Nacho says the syringes that he uses to inject the cycles range in cost between €200 ($207) and €500 ($507), with shipping costs, and the price can go up a lot.
A more elaborate program with three cycles and a staggered intake can go up to 12 or 16 weeks instead of eight, he explains, with the price rising accordingly.
“The more sophisticated the substances, the more expensive.”
Juan says that, while he balked at injecting himself, he ultimately chose this mode of entry instead of taking the drugs in tablet form.
“Pills are worse for the liver,” he said, adding that the pills approach is also high-volume: “You start with a few but end up with days in which you have to take more than 20.”
“A serious health risk”
The AEMPS says the consumption of unauthorized medicines, or those obtained through illegal channels, presents “a serious health risk” as these substances “lack quality, safety and efficacy.” The agency provides advice to legal authorities on the fight against the distribution of illegal substances, and has managed to close down some internet channels that sell them.
To be sure, the accessibility and use of these substances increased after the first years of the Covid-19 pandemic in Spain, especially among young men. According to the Spanish National Police, use has grown by 20% since March 2020. The AEMPS has also noted an uptick in the traffic of anabolic steroids across borders.
As the practice of illegal substance use remains taboo in wider society, in certain circles young men are actively advocating for it, presenting arguments such as this one, from one @socalben in 2020: “If steroids aren’t allowed in sports, makeup shouldn’t be allowed in beauty pageants,” the TikTok user said to his more than 20,000 followers.
Another user named Ben, @ben.dunn, with 500,000 followers, writes that “taking PEDs [performance-enhancing drugs] is a personal decision that has too much stigma attached to it.”
Notably, according to a recent study, 70% of people who take anabolic steroids are aware of their adverse effects.
“The most common side effects are the mildest,” says doctor Arranz. They include “acne, sexual dysfunction, breast development in men, stretch marks, and pain where the injection occurs.”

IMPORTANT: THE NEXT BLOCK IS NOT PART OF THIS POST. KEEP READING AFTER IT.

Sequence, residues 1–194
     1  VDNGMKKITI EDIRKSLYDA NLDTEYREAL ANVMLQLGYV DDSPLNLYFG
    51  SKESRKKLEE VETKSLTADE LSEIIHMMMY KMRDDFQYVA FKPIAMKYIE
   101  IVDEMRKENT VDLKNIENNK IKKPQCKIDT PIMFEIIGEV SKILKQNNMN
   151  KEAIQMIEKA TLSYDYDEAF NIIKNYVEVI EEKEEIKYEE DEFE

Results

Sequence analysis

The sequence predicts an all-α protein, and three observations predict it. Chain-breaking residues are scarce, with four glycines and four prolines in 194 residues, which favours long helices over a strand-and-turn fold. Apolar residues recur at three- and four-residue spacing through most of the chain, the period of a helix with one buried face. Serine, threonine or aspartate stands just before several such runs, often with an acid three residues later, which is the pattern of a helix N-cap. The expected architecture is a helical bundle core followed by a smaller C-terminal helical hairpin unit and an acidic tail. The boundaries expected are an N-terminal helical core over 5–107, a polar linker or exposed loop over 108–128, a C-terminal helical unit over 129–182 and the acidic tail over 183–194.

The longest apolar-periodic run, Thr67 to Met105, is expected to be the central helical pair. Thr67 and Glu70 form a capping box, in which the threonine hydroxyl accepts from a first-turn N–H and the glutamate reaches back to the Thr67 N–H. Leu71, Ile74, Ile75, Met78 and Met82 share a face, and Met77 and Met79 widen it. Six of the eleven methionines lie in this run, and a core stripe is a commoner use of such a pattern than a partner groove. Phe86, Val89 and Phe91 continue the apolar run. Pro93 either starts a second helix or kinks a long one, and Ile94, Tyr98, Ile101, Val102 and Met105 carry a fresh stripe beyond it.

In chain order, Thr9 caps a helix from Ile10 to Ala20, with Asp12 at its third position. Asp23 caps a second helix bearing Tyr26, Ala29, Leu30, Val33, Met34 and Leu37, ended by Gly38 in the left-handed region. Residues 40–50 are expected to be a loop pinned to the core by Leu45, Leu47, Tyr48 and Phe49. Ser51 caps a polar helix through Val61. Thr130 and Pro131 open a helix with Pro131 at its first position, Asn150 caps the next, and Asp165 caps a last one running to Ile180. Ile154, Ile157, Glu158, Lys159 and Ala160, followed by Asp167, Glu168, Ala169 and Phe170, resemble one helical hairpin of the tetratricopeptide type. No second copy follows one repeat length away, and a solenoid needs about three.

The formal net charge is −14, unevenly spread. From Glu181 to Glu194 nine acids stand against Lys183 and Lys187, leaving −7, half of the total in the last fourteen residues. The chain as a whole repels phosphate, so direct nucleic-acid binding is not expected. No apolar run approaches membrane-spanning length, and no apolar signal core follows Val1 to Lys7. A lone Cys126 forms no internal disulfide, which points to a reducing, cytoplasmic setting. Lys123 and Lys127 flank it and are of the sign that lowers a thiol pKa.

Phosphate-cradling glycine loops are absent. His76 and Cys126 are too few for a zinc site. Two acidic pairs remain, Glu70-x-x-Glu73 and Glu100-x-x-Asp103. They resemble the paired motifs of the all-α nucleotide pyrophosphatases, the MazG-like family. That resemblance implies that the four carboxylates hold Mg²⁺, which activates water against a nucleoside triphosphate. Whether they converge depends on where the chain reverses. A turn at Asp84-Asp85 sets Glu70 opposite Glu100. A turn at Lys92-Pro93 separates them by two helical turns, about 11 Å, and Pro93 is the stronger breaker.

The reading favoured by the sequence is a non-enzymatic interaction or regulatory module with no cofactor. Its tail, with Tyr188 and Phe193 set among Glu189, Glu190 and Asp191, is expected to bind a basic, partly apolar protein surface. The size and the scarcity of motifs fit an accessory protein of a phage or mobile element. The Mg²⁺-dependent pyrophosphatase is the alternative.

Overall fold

“But then there are the serious ones”, adds Arranz. These, she says, are most likely to occur when a person injects hormones or anabolics in large doses, very often and/or during long periods of time,” such as over five or six months without a break.”
As the AEMPS notes, many of these serious effects are sometimes irreversible: hepatitis, liver cancer, stroke, heart attack, thrombosis, atherosclerosis, severe acne, thyroid disorders, overdevelopment of breast tissue or erection difficulty.
“A couple of marbles”
Some of the less desirable effects of using cycles are related to behavior.
“It changes your character completely, you become aggressive,” says César. “All you can think about is training, training and training. Your sex life is reduced, everything is reduced, you put yourself into a bubble and end up bursting.”
Each substance has its own risks. For example, trenbolone, as Nacho discovered, can create heightened, irrepressible sexual desires,. The use of anabolic steroids has also been associated with psychological disorders such as depression and psychotic episodes, leading to suicide in some cases.
“It’s true,” says doctor Arranz, “that testosterone improves mood, helps against depression, muscle fatigue or lack of energy.”
“But if it is consumed for a long time or in large doses, violent, manic, narcissistic, histrionic states can also develop.” Suddenly stopping consumption can also result in depression.
One of the most common consequences is the shrinking of the testicles, because the brain, perceiving that there is an excess of testosterone in the blood, stops producing it on its own. Nacho confesses that his are “like a couple of marbles.”
To reverse this phenomenon, it is necessary after a cycle of anabolics to take substances such as human chorionic gonadotrophin, which can resume hormonal production.
That is, “if it resumes,” says Nacho. “I am possibly sterile right now, and irretrievably so.”
Last year, Youtuber Noel Deyzel, a bodybuilder with almost two million followers, posted the video ‘Why I’m honest about my steroid use,’ warning his audience that “many influencers are chasing money and profiting off of vulnerability.”
“It’s too common to see lies for sale of workout and diet plans, even supplements. And when these beginners do buy and apply this advice, most of the time it doesn’t work how they expect,” he said.
Nacho says he does suffer from a certain degree of dependence on the substances, because they produce a sense of well-being and euphoria. His technical knowledge, he says, can work as “a lie that I tell myself,” that he is in total control because he knows precisely how the drugs work. Sometimes he thinks about quitting, but he feels better and looks better when cycling, so, right now, he is “in the thick of it.”
As for César, he says that, simply, “one day I decided to quit.”
“I couldn’t sustain that level of training, and the financial cost was too high.”
He says that in retrospect his steroid use also changed his character and damaged his relationship with his partner. César says he misses the physique he achieved when taking anabolics, and has set out to achieve it through more natural means, even if it takes more time and effort.
“Looking back, I don’t recommend it to anyone. In the long run, all I did was harm my health.”